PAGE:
If the freedom of speech is taken away then dumb and silent we may be led, like sheep to the slaughter.

- George Washington

Friday, 11 November 2011

Irish spelling

Always baffling.

For all its apparent difficulty to English eyes, Welsh spelling is pretty logical, and the pronunciation is directly related to the letters you see. It's almost 100% phonetic, and far more so than English, for example.

Irish spelling - nope. To someone not brought up there, the relation between spelling and pronunciation is often almost comically indirect. I have been collecting a few examples for the amusement and edification of chums, but last night I saw one that takes not only the biscuit, but the whole McVities factory.

Cill Chomhghaill



You could never have guessed that. Unless you were Irish, of course.


  1. Nearly as bad as Norfolk spelling:-

    How do you think Hunstanton is pronounced by the locals?

  2. My Norfolk favourite is Happisburgh - 'Haysborough'. Another one you'd never guess in a month of Sundays.

    Norfolk, Ireland - notice anything?

  3. Yes, but I'm too polite to say... :)

  4. Hmmm, me too.

    NFN ... NFI too?

  5. Actually the pronunciation of modern Irish is also regular once you get used to it. Keep working at it!

  6. You don't have to go as far as Norfolk or Ireland! There are some pretty strangely pronounced names in Kent too. How about:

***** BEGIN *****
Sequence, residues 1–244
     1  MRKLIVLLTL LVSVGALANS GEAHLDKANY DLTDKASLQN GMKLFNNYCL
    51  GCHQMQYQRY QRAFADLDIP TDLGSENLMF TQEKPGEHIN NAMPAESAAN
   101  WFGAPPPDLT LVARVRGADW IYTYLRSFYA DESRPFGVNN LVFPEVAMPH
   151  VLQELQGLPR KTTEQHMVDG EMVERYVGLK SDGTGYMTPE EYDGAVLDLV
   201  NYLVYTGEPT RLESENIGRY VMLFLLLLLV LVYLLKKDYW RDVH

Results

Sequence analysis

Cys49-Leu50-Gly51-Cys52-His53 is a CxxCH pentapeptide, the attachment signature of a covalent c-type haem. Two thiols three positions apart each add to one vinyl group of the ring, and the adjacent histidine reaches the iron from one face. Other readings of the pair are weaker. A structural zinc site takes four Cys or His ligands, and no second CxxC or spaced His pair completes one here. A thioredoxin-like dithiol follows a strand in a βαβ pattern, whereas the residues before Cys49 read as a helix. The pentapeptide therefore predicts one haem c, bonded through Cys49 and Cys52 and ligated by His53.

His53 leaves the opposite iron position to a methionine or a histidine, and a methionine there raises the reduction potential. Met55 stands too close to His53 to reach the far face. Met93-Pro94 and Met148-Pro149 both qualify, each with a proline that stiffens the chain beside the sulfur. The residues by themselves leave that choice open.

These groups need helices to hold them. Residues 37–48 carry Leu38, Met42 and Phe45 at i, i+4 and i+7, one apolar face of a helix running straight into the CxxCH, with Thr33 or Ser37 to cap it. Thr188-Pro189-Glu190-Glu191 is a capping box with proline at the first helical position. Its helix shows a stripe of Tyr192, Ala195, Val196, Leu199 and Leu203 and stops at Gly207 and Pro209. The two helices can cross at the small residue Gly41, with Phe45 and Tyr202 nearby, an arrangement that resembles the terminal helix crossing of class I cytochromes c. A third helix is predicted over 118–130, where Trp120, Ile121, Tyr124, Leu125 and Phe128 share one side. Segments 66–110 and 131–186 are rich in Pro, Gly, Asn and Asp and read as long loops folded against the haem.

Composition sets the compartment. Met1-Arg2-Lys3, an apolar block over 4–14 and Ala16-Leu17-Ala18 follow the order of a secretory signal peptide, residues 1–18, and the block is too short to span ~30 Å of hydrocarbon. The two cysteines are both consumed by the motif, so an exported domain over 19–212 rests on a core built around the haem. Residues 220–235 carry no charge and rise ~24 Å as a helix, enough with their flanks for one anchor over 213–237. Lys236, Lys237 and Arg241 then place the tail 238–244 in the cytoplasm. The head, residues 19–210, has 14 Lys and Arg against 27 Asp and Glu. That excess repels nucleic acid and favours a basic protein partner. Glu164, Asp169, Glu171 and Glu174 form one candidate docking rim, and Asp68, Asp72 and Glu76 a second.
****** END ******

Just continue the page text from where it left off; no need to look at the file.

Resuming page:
Wrotham - "Rootum"
    Meopham - "Mepum"
    Trottiscliffe - "Trozli"

  7. Yebbut, yebbut, those are obvious!

    You're right, of course. English has some pretty weird spellings all of its own, but they tend to be exceptions to the usual rules. The (normal) rules of Irish spelling seem impossibly arcane to anyone born outside the place. With English, it's deciding which are the silent letters. With Irish, it's deciding which letters aren't silent!

    I'm (semi-)kidding here. All 3 step-grandkids are learning Irish at school, as they have to, and are doing really well. I've even looked at some of their schoolbooks and made a start at learning Irish myself. It's something I would quite like to do, although I can't really think why, except that languages of all kinds fascinate me. But I am very impresssed at how prominent Irish is in signage and general communication. Much more so than Welsh in Wales, for example. Most signs I have seen are bilingual, and there are many posters and adverts which are Irish-only. You rarely see that in Wales - to put an advert in the 'minority' language only implies a certain confidence about your readers and their economic clout.

    I'm doing well. I was speaking to a guy today who taught me that 'póg mo thóin' was Irish for 'have a nice day'. I'm going to use that a lot.



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